I’ll never forget him in his ill-fitting trench coat and his cartoonish large head towering over us, just a bunch of wide-eyed, snot-covered children at Tonawanda Elementary School. His name was Officer McGruff, the Crime Dog. He pointed his furry finger at us while an accompanying, un-costumed police officer warned us against the dangers of drugs.
I looked up to McGruff. We had a bond. We understood each other. I knew this because a year or two earlier, I had won a safety poster drawing contest and was awarded with my very own plush McGruff doll. It may as well have been an official sheriff’s badge and a key to the city. I was now a safety expert. I took everything he stood for to heart. I mean, he had a trench coat and everything!
My nemesis, the alarm clock, is shouting at me, urgently notifying me that it’s time to leap out of bed and go to work for the day. My eyes snap open. I can see! Without thinking at all about it, I contract the appropriate muscles in my side and my arm to slap the snooze button for the fifth time this morning. I have to use the bathroom, but I can hold it and I take a moment to appreciate that fact.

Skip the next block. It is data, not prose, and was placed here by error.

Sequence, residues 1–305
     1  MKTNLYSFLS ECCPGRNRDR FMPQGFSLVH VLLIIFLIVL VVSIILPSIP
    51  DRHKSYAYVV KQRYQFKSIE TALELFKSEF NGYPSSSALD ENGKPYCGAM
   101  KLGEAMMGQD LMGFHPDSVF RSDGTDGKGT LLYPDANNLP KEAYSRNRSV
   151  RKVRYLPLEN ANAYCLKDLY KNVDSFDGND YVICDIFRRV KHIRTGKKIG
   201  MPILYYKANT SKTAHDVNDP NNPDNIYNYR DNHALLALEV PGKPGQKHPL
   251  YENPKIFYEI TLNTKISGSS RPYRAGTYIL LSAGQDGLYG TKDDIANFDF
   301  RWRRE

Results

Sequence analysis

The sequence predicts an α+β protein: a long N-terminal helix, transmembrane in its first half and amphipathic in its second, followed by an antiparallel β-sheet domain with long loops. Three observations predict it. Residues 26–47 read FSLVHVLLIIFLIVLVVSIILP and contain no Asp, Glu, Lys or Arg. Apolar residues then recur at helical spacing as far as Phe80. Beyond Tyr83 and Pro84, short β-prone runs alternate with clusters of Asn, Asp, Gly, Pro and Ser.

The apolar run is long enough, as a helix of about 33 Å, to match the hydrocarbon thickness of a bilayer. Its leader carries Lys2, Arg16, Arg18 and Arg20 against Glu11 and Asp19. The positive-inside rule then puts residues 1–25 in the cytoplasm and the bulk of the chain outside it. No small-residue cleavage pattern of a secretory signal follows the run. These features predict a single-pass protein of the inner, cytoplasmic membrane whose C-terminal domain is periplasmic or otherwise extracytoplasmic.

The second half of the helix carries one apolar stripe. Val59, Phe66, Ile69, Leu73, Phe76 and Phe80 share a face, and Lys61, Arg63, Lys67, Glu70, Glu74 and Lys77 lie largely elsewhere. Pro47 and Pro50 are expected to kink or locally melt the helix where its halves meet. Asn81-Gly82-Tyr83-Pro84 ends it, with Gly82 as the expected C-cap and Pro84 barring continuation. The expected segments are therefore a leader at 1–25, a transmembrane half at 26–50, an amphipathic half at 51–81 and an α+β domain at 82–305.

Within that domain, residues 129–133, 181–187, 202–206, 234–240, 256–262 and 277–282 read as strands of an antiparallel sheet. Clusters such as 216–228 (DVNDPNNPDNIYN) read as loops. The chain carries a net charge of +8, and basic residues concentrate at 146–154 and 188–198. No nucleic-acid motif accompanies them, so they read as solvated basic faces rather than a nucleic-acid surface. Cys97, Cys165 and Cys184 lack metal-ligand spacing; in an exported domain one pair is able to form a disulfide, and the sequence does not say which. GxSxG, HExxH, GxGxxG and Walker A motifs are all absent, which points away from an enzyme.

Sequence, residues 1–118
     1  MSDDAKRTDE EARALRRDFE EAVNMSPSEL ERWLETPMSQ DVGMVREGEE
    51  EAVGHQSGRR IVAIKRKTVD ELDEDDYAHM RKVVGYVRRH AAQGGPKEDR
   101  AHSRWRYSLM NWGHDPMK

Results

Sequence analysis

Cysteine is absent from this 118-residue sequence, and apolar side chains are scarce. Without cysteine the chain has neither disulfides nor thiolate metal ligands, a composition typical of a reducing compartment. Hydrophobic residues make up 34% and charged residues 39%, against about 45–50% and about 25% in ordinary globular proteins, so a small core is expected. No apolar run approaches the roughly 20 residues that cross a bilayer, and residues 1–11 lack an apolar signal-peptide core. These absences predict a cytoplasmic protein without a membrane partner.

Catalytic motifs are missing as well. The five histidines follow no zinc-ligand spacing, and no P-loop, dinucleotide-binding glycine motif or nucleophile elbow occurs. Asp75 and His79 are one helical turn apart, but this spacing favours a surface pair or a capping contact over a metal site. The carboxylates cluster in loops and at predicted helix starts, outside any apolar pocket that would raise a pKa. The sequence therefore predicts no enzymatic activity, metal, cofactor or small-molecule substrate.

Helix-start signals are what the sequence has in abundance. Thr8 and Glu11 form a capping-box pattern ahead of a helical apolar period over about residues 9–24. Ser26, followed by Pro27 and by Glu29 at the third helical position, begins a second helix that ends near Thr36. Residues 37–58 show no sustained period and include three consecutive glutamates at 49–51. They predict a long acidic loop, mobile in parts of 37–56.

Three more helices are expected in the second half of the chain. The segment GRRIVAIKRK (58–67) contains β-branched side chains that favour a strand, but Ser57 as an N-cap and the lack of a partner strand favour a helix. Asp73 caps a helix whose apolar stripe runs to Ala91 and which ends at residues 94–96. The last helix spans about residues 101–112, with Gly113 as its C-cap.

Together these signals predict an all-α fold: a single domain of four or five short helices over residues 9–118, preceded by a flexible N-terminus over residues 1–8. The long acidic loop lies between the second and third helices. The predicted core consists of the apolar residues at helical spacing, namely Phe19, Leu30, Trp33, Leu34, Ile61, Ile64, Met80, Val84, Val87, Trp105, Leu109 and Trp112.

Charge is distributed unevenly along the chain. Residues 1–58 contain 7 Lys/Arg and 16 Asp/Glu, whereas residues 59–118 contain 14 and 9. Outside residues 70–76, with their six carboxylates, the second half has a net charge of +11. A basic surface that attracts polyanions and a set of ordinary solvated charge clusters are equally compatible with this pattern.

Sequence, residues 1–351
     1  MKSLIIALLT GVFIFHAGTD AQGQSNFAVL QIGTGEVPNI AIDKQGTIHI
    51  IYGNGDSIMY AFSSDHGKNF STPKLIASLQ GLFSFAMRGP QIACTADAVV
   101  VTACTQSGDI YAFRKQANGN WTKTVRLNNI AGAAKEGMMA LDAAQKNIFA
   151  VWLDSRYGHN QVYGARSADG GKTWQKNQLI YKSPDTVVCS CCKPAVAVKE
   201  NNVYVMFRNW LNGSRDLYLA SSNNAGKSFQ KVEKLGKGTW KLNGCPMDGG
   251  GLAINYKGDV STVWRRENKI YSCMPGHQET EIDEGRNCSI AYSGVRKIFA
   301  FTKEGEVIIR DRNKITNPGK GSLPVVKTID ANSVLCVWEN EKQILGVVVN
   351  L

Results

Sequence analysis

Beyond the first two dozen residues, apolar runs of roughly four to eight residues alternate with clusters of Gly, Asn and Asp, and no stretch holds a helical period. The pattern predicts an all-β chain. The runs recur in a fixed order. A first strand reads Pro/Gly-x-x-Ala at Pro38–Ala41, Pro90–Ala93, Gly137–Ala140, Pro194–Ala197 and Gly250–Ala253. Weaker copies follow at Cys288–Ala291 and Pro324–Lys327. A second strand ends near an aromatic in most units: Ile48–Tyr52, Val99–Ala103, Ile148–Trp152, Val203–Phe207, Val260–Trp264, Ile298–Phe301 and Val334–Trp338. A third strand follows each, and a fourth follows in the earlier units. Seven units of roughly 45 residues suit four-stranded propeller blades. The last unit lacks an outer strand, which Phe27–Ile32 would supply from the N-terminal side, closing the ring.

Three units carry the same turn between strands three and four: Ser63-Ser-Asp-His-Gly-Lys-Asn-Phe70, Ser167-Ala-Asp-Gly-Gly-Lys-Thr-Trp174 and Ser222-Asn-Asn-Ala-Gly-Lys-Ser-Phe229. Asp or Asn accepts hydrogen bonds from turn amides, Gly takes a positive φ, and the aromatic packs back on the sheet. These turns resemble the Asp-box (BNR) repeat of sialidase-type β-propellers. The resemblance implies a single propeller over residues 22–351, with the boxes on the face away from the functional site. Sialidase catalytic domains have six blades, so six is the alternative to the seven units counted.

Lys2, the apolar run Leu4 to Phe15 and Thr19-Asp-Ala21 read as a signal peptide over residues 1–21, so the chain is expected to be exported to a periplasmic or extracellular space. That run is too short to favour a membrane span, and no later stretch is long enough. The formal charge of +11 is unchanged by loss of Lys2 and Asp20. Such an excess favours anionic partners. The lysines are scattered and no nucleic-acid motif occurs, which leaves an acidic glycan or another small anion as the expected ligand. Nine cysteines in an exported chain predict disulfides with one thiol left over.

Sunlight is seeping in between the window blinds, slowly illuminating the room with its warm glow. What else can I see? ...
July 1, 2013
Look at you sitting there, tapping your feet and fidgeting with your hands in that cold, grey exam room. You’re moments away from receiving medical confirmation of that little monster that has been haunting you over the last few months, probably years:
You have multiple sclerosis...
My heart is in my stomach.
My mouth is dry and he’s standing there, almost bracing himself, scanning my face for a reaction.
But I am numb—not in the tingly MS way, but I’m briefly stunned, mentally and emotionally.
My husband has just revealed to me that a longtime friend of his, someone he trusted in moments of private human emotion, has likened me to a child and, further implied, a burden...
I was diagnosed with MS in July of 2013, shortly after my 29th birthday. While doctors told me that it likely manifested years earlier, when weekend-long bouts of vertigo were brushed off as a possible symptom of a sinus infection, I don’t see those as my first attacks.
Much like your first kiss, you never forget your first attack—the one that really counts...